This option is normally combined with the -req option. Without the
-req option the input is a certificate which must be self signed.
- -CAkey filename
sets the CA private key to sign a certificate with. If this option is not
specified then it is assumed that the CA private key is present in the CA
- -CAserial filename
sets the CA serial number file to use.
When the -CA option is used to sign a certificate it uses a serial number specified in a
file. This file consist of one line containing an even number of hex digits
with the serial number to use. After each use the serial number is
incremented and written out to the file again.
The default filename consists of the CA certificate file base name with
``.srl'' appended. For example if the CA certificate file is called
``mycacert.pem'' it expects to find a serial number file called
with this option the CA serial number file is created if it does not exist:
it will contain the serial number ``02'' and the certificate being signed
will have the 1 as its serial number. Normally if the -CA option is specified and the serial number file does not exist it is an
- -extfile filename
file containing certificate extensions to use. If not specified then no
extensions are added to the certificate.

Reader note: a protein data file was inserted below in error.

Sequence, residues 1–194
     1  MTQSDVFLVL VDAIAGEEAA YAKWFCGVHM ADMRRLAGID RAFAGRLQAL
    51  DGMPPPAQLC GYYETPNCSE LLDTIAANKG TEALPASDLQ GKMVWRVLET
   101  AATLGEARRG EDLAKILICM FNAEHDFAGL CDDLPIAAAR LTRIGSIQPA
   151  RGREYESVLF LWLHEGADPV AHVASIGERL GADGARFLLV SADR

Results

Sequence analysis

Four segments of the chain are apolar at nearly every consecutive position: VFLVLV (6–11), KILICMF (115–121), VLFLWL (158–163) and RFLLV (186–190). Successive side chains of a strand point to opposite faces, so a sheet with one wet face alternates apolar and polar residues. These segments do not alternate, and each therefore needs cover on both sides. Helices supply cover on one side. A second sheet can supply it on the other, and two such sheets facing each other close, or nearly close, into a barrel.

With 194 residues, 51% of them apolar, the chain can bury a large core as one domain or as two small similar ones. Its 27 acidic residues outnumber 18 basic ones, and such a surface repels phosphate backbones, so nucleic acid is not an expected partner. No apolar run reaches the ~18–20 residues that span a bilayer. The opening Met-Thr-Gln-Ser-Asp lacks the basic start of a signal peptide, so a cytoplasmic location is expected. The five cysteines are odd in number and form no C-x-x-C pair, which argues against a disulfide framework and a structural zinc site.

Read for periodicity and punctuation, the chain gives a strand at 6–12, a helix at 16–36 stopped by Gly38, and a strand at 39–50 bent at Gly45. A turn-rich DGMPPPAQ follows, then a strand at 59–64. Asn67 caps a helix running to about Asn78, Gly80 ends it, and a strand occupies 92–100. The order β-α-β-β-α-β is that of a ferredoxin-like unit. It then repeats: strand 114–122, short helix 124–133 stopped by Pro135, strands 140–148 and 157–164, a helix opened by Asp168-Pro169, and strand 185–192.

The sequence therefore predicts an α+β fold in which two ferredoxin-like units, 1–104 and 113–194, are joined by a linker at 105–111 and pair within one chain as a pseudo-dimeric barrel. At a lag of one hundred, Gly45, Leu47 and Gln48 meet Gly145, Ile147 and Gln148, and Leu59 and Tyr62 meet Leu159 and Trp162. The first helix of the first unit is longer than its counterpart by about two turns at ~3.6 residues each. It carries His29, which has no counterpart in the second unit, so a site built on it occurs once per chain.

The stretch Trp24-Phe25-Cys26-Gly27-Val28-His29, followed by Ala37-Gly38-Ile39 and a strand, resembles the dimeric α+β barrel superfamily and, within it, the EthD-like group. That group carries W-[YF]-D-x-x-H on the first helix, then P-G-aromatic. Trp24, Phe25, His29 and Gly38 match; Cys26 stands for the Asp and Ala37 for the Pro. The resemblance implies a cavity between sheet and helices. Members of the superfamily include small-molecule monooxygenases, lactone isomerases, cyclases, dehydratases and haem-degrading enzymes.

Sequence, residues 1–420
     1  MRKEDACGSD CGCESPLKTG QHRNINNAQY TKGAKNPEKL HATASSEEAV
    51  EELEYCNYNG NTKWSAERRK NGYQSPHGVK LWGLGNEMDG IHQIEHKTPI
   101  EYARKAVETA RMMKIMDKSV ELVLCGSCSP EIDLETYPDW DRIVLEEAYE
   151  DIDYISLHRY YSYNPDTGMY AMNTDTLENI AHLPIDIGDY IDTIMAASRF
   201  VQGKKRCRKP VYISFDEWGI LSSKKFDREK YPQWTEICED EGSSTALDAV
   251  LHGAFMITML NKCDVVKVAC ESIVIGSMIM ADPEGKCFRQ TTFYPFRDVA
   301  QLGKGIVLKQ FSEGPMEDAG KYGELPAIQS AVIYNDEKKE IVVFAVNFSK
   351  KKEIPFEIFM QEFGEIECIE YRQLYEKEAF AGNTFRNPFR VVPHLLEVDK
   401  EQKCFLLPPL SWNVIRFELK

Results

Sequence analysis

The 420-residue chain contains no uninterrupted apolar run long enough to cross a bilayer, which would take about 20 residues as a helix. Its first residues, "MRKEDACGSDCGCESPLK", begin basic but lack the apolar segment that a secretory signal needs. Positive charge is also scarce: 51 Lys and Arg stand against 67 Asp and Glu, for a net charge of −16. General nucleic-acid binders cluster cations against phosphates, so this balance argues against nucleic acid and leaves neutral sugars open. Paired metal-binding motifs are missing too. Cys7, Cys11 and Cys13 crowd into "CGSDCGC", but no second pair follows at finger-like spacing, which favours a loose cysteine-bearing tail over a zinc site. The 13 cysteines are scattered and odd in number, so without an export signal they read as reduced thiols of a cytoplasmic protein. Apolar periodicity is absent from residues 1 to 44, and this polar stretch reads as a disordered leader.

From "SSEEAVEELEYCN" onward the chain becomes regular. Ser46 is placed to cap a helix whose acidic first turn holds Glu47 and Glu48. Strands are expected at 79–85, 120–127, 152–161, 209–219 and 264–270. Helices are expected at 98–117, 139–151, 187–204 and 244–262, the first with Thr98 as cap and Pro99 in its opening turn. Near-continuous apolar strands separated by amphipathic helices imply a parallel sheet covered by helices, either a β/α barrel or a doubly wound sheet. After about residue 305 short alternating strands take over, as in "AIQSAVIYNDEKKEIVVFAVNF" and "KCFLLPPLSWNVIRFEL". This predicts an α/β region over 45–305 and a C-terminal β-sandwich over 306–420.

- -extensions section
the section to add certificate extensions from. If this option is not
specified then the extensions should either be contained in the unnamed
(default) section or the default section should contain a variable called
``extensions'' which contains the section to use. See the
x509v3_config(5) manual page for details of the extension section format.
The nameopt command line switch determines how the subject and issuer names are
displayed. If no nameopt switch is present the default ``oneline'' format is used which is
compatible with previous versions of OpenSSL. Each option is described in
detail below, all options can be preceded by a - to turn the option off. Only the first four will normally be used.
use the old format. This is equivalent to specifying no name options at